I’m pleased to report that the real Mandarin was a great villain (Marvel’s best on film since Thanos). Tony Leung brings gravitas to the role. His Mandarin is also surprisingly down-to-earth. Leung’s choice to go more understated was appreciated. He’s already a calm, cool, and collected badass. He doesn’t need to be in your face about it too. Xu Wenwu isn’t an alien, android, or wizard (as Falcon once joked)– just a long-lived guy with powerful artifacts, good motivation and amazing screen presence. Oh yeah– he’s also got a secret society of followers, but that’s just icing on the cake.

Shang-Chi’s friend Katy was a character I was cautious of going in to this movie. The trailers made me worry she’d be this annoying comic-relief character I’d grow to hate quickly. I was half-right. Katy was definitely the comic relief but she was legitimately funny! And she didn’t overstay her welcome. I’d bet another actress might have been more 2-dimensional in their performance and gone over-the-top, whereas Awkwafina held herself back in the appropriate moments. Her friendship with Shang-Chi is heartfelt and I cared about them as a duo. It also helps that Awkwafina has great chemistry with Simu Liu.

Michelle Yeoh is excellent as always. ‘Nuff said there.

Shang-Chi’s sister, Xu Xialing (Meng’er Zhang), was the only disappointment of the main cast. And that’s only because she didn’t have as big a presence as she should have. In many ways– her motivation was even stronger than Shang-Chi’s. And she was definitely more driven in her quest. Yet the film relegated her to a secondary supporting character. I still liked her because she’s one of the few Marvel characters who doesn’t quip all the time.

In addition to the above, Shang-Chi featured some surprise characters I won’t spoil here. Some were awesome, others were hilarious, and others were… intriguing.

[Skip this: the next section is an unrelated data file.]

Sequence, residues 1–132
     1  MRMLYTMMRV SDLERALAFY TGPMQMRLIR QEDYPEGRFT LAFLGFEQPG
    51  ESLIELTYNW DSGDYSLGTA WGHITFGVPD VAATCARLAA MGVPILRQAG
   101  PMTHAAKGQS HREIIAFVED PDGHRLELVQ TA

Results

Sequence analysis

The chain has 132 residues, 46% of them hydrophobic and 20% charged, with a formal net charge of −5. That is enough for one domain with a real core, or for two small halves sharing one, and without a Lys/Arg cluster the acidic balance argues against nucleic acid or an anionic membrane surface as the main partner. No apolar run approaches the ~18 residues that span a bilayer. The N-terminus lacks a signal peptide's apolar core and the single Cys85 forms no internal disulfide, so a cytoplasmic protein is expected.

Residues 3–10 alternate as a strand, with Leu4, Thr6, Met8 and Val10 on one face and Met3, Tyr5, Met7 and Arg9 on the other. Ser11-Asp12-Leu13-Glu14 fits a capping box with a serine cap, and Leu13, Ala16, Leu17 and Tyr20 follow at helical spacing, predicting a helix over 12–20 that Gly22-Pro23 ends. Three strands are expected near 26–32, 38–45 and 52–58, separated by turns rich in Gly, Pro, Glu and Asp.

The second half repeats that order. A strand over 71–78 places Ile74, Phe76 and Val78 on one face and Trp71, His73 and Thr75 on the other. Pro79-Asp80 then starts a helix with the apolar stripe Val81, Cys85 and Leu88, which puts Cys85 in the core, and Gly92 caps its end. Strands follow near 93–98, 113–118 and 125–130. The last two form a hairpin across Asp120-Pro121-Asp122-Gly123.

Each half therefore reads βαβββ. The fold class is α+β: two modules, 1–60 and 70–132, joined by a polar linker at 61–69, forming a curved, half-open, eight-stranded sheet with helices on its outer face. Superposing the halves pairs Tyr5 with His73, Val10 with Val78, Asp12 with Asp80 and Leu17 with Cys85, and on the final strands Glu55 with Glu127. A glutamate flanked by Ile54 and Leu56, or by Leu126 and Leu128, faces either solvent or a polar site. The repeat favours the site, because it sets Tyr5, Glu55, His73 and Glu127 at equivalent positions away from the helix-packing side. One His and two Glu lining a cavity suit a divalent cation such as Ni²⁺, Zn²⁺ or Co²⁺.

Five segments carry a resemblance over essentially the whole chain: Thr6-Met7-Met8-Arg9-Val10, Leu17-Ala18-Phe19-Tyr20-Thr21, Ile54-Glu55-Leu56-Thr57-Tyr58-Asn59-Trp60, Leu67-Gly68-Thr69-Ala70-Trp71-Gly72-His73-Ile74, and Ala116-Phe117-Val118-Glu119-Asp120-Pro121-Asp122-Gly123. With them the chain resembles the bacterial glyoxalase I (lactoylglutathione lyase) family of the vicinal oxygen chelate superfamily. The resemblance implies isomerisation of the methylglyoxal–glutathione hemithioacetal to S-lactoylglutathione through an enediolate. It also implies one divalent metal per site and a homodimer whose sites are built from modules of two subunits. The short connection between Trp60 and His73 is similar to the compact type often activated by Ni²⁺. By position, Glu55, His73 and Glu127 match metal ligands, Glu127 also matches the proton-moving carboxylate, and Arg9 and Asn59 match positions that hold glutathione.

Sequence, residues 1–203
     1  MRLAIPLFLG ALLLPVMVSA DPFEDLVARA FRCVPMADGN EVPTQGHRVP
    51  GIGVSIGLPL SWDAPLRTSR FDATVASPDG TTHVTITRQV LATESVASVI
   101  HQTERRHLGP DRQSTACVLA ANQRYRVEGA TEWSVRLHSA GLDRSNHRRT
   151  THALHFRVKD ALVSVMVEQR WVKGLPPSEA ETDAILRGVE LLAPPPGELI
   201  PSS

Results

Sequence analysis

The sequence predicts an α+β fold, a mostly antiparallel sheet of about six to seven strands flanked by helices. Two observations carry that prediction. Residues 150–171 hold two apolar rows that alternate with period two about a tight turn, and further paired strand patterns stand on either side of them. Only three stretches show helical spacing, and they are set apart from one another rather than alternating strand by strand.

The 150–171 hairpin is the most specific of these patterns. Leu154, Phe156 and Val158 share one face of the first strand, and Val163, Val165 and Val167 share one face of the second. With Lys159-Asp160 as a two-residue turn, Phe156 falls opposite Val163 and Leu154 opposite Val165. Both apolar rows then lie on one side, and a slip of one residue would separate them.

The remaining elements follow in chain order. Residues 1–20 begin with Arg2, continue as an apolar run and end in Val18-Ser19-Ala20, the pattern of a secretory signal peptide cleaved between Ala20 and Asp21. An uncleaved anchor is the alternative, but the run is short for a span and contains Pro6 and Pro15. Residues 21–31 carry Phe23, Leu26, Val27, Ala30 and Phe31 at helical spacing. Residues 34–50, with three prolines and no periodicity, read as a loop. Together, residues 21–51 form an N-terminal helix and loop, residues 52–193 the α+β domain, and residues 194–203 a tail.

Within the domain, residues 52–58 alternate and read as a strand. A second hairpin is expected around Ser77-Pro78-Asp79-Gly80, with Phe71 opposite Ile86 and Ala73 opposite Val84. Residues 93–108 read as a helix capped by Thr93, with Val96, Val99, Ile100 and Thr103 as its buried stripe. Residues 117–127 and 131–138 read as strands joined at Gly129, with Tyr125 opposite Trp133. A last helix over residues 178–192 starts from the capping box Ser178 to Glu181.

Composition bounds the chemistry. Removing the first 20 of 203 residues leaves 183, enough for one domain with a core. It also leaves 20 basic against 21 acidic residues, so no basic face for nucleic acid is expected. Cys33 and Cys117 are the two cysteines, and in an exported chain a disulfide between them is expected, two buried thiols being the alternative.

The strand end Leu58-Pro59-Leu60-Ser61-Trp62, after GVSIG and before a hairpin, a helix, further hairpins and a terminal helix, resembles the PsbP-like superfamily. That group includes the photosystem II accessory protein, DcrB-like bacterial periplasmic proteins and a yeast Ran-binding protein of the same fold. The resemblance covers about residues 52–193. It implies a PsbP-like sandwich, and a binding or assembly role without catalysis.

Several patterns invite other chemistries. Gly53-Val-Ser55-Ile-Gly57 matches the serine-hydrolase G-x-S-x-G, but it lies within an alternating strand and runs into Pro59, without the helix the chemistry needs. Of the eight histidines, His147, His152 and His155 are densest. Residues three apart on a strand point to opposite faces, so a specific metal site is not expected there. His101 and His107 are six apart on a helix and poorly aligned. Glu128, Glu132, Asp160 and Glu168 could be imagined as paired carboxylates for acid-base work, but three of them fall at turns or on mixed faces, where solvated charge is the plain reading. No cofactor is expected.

Ooh! The rings! The Mandarin’s “precious”…

Moving on to the plot now: Shang-Chi begins with an epic story, telling us the history of “the ten rings” and Xu Wenwu. This opening immediately intrigued me. I thought to myself “Hmm. This story has potential!” And I teased this point in my intro, but Shang-Chi did a fantastic job at expanding MCU lore. The amount of new locations, characters, and other-worldly threats established in this one film was impressive!

I was further shocked by how much of Shang-Chi‘s dialogue was in Mandarin (with English subtitles). That was a bold move which I loved! Lots of people hate subtitles though… So be warned: there’s a lot of ’em. They’re particularly used during the flashback sequences which are set in China. And that makes sense. It’s become a pet peeve of mine when native speakers of another language randomly choose to speak English in movies without a good plot reason (for example of a “good” reason– Star Trek has the universal translator where everyone can understand one another regardless of language or species).

Speaking of those flashbacks, they were the most interesting aspect of the movie. Shang-Chi‘s modern setting sets up a few mysteries which the flashbacks sporadically answer throughout the film. But the real meat of the story is in the past. Basically: stuff went down back in Shang-Chi’s childhood, and the modern setting is where he has to reckon with said stuff. My only problem with the flashback sequences is that they occasionally killed forward momentum in the modern-day plot. We’d be going somewhere to do something and then we’d skip back to Shang-Chi‘s childhood. The content of those sequences was great, which made the interruptions passable, but the film’s structure irked me more as it went.